PLANNING for a big trip always triggers my crazy.
I make endless to-do lists, only to misplace them until there’s a rainbow of Post-It notes all over the house.
I start packing weeks before, obsessing over whether I really need the sandals or if the black flats will match everything. I clean with hysterical precision so that upon my return, opening the door is like popping the seal off a new can of chips.
In between printing out my itinerary four times (one for the neighbors and one for each pocket of my crossbody travel purse) and arranging eyedroppers of water in the plants, I deal with the stress of impending departure by chewing on my nails and bingeing on gluten. (A Squad Bake Shop’s blueberry basil donuts at Paris Market really seem to help.)
Yet even with my raggedly cuticles and powdered sugar mustache, I’m practically the poster guru for Serenity Now compared to the dog.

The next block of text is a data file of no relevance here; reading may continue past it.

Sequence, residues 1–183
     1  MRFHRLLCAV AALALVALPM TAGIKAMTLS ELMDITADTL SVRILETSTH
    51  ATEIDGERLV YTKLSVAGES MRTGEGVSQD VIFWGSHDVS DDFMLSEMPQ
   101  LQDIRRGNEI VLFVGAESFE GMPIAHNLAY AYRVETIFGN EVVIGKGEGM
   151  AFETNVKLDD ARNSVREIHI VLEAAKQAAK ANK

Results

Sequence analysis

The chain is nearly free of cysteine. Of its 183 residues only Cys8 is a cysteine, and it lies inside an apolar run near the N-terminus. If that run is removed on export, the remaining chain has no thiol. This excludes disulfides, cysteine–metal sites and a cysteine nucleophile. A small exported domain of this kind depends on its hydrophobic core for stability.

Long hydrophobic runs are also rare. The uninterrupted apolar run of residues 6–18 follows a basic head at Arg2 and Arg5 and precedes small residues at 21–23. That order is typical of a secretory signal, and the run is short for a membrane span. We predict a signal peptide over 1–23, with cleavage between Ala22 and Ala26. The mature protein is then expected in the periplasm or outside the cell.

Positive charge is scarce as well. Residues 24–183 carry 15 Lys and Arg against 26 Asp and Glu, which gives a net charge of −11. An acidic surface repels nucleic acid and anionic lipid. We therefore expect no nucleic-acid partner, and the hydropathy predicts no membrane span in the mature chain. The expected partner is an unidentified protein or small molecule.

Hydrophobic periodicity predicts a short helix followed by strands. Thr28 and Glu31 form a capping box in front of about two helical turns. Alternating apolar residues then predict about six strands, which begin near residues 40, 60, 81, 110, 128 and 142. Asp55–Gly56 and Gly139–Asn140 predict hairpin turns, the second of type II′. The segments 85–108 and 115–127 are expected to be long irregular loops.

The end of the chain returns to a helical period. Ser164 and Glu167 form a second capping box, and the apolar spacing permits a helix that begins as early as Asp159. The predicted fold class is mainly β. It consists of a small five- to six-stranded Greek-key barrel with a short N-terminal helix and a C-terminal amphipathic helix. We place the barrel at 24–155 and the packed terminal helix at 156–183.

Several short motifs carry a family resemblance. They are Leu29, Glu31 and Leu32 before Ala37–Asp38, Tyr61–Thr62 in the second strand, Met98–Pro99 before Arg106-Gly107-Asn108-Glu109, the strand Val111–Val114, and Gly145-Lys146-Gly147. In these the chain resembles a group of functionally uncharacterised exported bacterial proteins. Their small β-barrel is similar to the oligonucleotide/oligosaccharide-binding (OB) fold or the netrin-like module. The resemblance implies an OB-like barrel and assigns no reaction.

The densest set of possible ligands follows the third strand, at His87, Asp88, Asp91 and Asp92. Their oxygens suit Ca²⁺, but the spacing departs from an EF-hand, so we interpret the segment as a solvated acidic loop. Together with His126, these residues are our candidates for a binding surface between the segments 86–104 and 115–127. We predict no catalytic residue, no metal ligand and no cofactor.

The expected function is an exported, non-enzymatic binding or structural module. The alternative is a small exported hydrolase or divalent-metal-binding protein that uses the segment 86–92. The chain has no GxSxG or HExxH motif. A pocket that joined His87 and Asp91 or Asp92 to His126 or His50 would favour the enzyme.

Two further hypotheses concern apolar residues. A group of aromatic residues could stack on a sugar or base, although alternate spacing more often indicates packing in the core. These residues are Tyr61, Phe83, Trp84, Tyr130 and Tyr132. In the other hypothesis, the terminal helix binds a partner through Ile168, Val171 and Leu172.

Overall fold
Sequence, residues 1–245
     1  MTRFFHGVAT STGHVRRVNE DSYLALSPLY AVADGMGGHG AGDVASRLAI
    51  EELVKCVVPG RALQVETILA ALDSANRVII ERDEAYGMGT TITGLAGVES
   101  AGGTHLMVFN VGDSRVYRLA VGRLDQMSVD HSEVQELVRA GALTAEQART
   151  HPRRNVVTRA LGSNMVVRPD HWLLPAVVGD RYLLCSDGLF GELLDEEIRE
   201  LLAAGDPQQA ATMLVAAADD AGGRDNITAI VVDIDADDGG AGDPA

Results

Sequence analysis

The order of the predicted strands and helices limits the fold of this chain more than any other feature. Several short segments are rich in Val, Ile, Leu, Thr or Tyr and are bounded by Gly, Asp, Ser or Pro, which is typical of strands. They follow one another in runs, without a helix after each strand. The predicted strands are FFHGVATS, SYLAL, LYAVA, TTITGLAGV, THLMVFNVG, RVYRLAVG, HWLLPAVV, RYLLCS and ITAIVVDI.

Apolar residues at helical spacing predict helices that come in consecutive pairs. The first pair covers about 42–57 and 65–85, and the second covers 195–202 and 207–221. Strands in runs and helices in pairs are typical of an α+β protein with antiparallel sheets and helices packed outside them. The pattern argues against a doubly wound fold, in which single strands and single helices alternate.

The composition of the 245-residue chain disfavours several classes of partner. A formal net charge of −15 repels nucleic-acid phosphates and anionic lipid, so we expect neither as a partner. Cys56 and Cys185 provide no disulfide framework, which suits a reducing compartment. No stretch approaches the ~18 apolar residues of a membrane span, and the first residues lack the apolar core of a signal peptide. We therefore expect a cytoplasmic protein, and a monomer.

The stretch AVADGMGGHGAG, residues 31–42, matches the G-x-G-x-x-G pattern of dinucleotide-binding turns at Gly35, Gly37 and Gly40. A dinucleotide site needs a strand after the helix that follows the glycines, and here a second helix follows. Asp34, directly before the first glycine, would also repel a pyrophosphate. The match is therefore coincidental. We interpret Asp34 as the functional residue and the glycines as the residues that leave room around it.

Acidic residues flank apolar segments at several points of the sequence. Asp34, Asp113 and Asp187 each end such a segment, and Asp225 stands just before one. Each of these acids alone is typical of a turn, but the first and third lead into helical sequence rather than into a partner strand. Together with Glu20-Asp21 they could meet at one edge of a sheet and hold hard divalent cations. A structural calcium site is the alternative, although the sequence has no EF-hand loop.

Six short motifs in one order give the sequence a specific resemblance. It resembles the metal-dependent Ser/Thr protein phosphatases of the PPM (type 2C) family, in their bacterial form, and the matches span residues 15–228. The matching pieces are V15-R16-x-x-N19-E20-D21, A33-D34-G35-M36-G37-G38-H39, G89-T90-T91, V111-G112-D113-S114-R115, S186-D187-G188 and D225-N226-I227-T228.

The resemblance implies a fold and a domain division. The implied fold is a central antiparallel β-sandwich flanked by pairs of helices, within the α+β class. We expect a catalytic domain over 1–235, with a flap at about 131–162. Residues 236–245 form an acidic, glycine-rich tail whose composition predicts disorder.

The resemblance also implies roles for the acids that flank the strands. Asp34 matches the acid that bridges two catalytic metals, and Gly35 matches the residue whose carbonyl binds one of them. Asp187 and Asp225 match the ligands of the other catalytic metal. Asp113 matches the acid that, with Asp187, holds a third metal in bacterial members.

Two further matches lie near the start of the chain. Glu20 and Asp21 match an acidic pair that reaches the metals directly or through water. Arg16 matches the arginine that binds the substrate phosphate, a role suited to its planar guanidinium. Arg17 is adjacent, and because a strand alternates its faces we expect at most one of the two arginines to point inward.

Our rescue pooch Geechee has come a long way since being found by Paul Rockwell behind a trashcan on Christmas Day 2014. He has fully recovered from his brush with the front bumper of a Ford Explorer and subsequent runaway adventure last fall. But the presence of the Brown Suitcase of Abandonment next to the closet seems to have activated a major case of canine cray-cray.
In addition to his usual tics of eating bathmats and barking maniacally every time someone sneezes, Geech has ratcheted up the neurotic behavior. He must have a bone in his mouth at all times, lest he orally fixate on someone’s arm. He scratches compulsively, even after we switched him over to the allergen-free food from Tailsspin.
And every time I place something in the brown suitcase, he whimpers, as if with each rolled-up pair of jeans he is a step closer to a stint in a Revlon research cage instead of spending a fortnight frolicking with friends at Carol’s Pampered Pets.
Also, after burying his third bone of the day in my flower garden, the little loon snuck up on one of our two remaining menopausal chickens and literally, shook the shit out of it. We buried it next to the pug in our ever-expanding pet cemetery while he spent three days under the bed in a shame spiral. But dog memory is short, and the following week, the Henslayer snuffed the last one, too.